With a final glance at the photo, I tossed it aside, leaned back, and ran fingers over my brocade couch cushion for comfort. My father had passed away weeks before that notorious vacation. He’d been an alcoholic. Ever since I can remember, his drinking had made me angry, frightened, and sad all at once. Finally, my parents divorced. After that, although I’d lived in my mother’s home when I wasn’t away at college, he and I met frequently until the end. I’d already forgiven his weakness, and at first his death seemed the end of a problem — until his absence created an unexpected void in my life.
Whatever the cause, I'd been painfully abandoned.
When my mother asked me to join “the family” on vacation, had I agreed because I’d just lost Dad and didn’t want to jeopardize my already-tenuous relationship with Renata? Every time I looked at her, I couldn’t believe that she was still with Alfie after what he had done. But what counted most, and what I should do about it, remained an enigma. Already adrift, fear prevented me from cutting ties with my remaining parent. Despite everything, I decided to try to bond with my mother. And thus, I forced myself into daily contact with Alfie.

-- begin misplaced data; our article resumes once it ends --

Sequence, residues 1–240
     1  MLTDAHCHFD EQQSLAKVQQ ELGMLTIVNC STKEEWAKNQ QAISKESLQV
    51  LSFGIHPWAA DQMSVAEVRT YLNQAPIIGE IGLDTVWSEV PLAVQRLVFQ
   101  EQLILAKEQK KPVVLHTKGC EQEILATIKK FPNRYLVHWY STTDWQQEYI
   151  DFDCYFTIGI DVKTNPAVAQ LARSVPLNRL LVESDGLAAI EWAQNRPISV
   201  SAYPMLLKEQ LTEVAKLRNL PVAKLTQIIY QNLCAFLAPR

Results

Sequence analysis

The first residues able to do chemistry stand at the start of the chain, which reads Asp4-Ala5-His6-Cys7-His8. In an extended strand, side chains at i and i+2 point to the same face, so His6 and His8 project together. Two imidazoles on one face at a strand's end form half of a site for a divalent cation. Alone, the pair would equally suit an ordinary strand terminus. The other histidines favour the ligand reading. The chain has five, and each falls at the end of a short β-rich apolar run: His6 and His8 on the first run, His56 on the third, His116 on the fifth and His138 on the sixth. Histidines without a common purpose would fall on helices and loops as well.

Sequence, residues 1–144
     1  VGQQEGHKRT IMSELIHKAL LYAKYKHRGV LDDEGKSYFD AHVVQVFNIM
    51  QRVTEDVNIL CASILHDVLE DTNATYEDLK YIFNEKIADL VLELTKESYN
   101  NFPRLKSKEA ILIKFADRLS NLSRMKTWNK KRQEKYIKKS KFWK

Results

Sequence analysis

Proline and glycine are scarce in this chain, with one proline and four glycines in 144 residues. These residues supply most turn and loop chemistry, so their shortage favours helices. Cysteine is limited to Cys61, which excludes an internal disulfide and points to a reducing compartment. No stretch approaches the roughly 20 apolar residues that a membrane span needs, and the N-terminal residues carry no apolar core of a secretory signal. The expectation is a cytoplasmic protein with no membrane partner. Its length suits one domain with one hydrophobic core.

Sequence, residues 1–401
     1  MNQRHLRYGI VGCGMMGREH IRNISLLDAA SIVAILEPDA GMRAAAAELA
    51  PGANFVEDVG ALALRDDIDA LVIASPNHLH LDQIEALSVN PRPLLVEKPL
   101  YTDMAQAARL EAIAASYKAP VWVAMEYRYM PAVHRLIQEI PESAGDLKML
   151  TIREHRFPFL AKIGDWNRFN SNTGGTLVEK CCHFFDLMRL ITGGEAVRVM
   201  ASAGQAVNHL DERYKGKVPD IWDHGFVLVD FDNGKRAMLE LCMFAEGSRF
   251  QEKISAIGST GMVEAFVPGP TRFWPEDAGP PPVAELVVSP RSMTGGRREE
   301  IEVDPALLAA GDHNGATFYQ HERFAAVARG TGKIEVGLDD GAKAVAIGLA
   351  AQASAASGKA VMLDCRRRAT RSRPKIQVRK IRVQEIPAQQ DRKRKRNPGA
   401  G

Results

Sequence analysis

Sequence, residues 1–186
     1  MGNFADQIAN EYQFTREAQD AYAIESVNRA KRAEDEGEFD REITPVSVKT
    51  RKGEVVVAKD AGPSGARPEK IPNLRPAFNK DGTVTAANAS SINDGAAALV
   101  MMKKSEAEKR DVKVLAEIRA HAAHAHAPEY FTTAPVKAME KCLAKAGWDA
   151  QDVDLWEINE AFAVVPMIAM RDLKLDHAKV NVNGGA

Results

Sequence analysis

My feelings of abandonment were profound. And I don’t say that my reaction to those events had been the most common. Was it because, I’d just lost him, so when my mother asked about a vacation, I didn’t want to risk putting our relationship in jeopardy? Or because I wanted to try to bond with her, even given the circumstances. Was it possible to maintain a relationship? That question scared me profoundly.